ALS Clinic Update
I spent my day at the ALS clinic last Thursday. I should say “we”, my mom has never missed a visit. I’ll run through a few highlights.
I weighed 125 pounds in a hoodie, jeans, and shoes. That’s up from 122 in February and (if I remember) a low of 109 before I moved in with my parents. The difference is all fat, mostly in my belly―the result of more than three years of four meals a day.
I saw a palliative care specialist (he was a nurse practitioner who told me we’d met before) for the first time in what seems like more than five years. His job involves end of life decisions and the like. After a brief discussion of health directives and decision makers he got back to the feeding tube question I haven’t yet addressed. Essentially, the urgency of my decision depends on my ability to safely endure the surgery, which hinges on my lung capacity.
The respiratory therapist tests my lungs in a number of ways on each visit. To me, these results are by far the most important part of the day. My best attempt put my lung capacity at 69% of what is considered normal for someone my size, which was actually better than the previous mark. Overall, the respiratory therapist concluded, my lungs are about the same. That’s a big win and feels like a confirmation of my (quite possibly delusional) beliefs.
Lastly, there were a couple of unresolved items to address. On my last visit, my neurologist placed an order for a hospital bed with a local equipment supplier. I still don’t have it. Briefly, the adjustable bed is needed to elevate my body so that I don’t inadvertently swallow mouthfuls of air when sleeping with a breathing machine. (I discuss my difficulties using two different CPAP machines in the epilogue of my book. Buy my book!) Suffice it to say, frustrations with “the system” were expressed and an updated order placed.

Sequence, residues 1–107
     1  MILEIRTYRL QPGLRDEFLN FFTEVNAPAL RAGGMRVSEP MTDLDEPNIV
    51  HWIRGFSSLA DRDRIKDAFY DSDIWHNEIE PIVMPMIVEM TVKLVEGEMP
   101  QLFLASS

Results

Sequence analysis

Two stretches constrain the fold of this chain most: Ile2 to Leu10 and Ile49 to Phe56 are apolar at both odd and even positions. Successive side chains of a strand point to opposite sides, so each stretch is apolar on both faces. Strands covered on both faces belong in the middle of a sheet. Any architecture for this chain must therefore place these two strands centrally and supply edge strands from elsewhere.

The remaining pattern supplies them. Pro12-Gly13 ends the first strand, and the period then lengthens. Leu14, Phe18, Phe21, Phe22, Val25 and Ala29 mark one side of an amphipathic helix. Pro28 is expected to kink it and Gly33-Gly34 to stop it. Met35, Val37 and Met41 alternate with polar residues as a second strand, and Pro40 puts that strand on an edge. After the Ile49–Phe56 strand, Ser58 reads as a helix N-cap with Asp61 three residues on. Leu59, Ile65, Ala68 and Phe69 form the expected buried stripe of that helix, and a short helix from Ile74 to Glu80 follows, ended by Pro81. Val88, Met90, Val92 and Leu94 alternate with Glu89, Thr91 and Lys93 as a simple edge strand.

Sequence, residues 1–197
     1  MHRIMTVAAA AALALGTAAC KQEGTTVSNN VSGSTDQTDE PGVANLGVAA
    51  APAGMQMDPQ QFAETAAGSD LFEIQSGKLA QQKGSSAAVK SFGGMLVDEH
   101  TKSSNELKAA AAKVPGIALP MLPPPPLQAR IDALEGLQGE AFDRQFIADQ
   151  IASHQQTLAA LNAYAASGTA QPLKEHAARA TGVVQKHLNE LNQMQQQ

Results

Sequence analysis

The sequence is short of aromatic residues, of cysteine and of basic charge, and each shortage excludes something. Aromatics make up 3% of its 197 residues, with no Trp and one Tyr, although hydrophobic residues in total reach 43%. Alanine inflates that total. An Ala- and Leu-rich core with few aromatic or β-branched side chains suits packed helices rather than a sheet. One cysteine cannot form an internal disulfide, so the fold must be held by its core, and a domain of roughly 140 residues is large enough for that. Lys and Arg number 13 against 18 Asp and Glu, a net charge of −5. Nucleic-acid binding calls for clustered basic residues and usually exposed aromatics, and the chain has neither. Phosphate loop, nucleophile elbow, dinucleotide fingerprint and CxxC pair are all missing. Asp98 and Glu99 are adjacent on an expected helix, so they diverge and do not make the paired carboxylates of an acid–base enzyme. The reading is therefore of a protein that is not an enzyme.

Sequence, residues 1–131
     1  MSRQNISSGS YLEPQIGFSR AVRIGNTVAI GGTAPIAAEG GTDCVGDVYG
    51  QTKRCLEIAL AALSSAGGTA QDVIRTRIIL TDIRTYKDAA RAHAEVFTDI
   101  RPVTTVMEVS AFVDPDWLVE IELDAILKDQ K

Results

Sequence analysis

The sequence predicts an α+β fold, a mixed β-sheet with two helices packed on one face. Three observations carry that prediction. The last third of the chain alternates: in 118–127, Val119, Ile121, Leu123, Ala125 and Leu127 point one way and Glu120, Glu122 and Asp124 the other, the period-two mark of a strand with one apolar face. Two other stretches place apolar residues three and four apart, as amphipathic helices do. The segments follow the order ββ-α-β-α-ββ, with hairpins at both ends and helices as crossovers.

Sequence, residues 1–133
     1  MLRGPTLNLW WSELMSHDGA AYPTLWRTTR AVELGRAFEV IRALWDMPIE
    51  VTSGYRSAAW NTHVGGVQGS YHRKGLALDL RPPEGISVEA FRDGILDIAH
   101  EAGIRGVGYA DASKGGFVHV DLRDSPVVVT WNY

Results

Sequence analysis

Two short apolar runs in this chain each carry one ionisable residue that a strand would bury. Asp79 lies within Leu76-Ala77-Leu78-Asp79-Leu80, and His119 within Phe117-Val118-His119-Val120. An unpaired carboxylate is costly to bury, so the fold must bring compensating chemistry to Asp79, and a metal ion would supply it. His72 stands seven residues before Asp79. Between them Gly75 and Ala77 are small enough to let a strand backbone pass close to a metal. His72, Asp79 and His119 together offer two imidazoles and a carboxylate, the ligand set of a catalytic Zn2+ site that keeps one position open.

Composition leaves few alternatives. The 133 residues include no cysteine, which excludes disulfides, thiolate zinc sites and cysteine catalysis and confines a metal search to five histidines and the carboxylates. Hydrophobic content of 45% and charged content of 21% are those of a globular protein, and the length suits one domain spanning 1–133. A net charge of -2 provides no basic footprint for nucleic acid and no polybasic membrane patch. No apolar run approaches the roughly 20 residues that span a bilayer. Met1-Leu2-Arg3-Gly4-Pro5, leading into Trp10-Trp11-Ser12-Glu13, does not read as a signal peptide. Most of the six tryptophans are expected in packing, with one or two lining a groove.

The remaining point of interest was my uneventful and almost forgotten visit to a prosthodontist over the summer. Notwithstanding the full breadth of prosthodontic expertise (because I don’t know and I don’t really care to know), I was told to see that particular specialist as a way of improving my speaking voice. If you’ve heard me speak, you know I sound very nasal. That’s because the muscles in the flap that separates my mouth from my nose are very near death. The result is that a lot of the sound from my voice box escapes through my nose. My speech therapist thought (mostly theoretically) that a retainer-like insert could be fashioned to block that passage and allow all of the sound to come out my mouth, effectively amplifying my voice and removing the nasal tone. The prosthodontist we saw didn’t seem to have a clue (or any interest), and spoke of referring me to a colleague, but we never heard anything after that day. The speech therapist is going to inquire elsewhere and maybe, eventually, something will come of it.
I’m thinking I’ll get the feeding tube port “installed”. I’m not looking forward to having a permanent plastic-capped hole in my stomach, but as was explained to me, I’d rather have it and not use it than need it and not have it.